12.4.08

Electroacoustic Unpredictability

Performing electronic music is hard. Not because electronic music itself is hard, but because it's much more entertaining to watch a guitarist than it is to watch someone using a computer.

The other day a trio came to my music class to perform and talk about how they make electronic music. I thought I'd show you some of the "instruments" they use, just so you can see that I really am knee deep in some crazy stuff.

One of them uses cello that has a pickup at the bridge (it's not too unusual to amplify a cello, since it's a relatively quiet instrument for its size). He's also clamped a thick strip of metal to the bridge and will sometimes bow the metal just like a string for some very weird resonances.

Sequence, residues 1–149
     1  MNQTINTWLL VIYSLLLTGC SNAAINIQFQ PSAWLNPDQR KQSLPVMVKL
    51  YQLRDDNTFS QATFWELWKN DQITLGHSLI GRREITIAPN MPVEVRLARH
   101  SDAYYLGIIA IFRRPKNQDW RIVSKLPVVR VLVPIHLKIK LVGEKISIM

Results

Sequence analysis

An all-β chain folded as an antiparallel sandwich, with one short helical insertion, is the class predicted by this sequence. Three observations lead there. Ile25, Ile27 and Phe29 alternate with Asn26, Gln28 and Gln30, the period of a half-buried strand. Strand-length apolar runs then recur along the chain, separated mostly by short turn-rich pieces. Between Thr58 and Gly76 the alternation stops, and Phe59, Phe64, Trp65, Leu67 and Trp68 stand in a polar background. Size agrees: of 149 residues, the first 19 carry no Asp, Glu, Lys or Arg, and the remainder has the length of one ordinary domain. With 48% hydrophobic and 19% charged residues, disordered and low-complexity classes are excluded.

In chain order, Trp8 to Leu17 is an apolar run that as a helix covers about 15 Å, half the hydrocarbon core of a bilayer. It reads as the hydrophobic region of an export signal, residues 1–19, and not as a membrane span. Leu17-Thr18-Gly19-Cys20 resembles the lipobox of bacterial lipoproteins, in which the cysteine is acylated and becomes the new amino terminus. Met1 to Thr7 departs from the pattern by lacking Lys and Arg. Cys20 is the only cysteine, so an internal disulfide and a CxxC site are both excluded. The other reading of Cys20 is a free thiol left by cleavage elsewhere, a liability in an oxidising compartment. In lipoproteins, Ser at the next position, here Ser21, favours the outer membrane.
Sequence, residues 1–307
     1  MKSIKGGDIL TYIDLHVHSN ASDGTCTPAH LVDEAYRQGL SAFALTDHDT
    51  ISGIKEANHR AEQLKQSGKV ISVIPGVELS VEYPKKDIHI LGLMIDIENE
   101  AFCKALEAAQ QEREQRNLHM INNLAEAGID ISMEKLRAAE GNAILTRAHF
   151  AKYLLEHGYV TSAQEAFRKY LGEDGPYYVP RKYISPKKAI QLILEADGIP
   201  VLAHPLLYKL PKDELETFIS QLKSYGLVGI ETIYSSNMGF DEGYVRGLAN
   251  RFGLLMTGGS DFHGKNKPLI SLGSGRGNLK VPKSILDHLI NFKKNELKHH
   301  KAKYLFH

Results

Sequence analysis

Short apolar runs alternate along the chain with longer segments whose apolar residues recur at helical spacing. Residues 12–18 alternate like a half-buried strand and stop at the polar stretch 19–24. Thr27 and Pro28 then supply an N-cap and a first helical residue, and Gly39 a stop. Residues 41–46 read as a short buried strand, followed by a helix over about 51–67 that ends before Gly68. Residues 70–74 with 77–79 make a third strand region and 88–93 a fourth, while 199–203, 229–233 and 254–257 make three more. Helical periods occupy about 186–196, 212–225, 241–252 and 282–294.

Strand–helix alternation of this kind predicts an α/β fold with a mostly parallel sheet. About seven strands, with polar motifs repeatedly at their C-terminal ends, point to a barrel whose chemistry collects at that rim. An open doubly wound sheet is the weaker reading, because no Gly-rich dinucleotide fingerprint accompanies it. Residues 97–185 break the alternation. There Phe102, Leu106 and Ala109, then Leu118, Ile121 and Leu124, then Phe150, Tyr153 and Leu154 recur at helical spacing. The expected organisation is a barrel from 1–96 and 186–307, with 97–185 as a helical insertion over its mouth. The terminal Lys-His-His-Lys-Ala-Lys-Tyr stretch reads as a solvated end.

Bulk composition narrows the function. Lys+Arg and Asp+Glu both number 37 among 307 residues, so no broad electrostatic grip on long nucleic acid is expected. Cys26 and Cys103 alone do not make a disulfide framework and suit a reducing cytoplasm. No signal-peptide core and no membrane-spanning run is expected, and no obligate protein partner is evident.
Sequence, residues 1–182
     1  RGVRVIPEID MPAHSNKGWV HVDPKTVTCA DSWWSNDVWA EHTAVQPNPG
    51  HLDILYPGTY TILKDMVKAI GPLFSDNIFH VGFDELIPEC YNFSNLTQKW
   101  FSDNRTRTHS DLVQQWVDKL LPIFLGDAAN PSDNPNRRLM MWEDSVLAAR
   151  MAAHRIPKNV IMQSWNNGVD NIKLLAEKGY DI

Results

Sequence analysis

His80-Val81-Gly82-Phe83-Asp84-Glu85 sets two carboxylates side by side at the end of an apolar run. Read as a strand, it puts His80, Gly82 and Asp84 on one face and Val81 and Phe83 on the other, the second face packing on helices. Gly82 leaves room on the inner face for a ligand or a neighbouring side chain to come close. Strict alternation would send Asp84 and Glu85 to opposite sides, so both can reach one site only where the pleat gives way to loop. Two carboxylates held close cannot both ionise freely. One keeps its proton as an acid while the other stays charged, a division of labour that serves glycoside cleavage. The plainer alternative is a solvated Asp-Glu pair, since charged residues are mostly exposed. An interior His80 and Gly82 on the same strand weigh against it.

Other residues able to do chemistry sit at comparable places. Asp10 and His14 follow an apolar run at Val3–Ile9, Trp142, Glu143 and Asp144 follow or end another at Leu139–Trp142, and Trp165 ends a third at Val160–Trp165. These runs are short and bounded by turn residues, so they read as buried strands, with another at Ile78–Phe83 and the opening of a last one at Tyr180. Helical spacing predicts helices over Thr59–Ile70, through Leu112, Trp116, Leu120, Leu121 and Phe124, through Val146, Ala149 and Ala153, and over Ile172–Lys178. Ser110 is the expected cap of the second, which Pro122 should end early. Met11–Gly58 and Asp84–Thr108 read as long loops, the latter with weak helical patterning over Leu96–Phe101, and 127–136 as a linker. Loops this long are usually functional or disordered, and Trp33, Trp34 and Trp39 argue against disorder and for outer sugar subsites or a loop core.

The bow he uses has rosin not only on the hair of the bow, but also on the stick (ew?) Sometimes he'll bow the cello with the stick and not the hair... sometimes he'll scrape the frog of the bow against the cello's frame.

He also, using internal feedback from an open circuit board, plays the mutilated speakers sitting in front of him. In the video, he shares the idea that he wants his music to be very unpredictable, so that not even he knows what he will play. This ideology is in such stark contrast to traditional classical musicians (of which I may be considered one), who practice for endless hours in hopes to make very calculated and reproducible music.




One of the other performers uses all types of percussion instruments hooked up to electronics, and the other plays a small "instrument" containing a streamlined version of linux stuffed into a midi controller box. Electronic music ftw.

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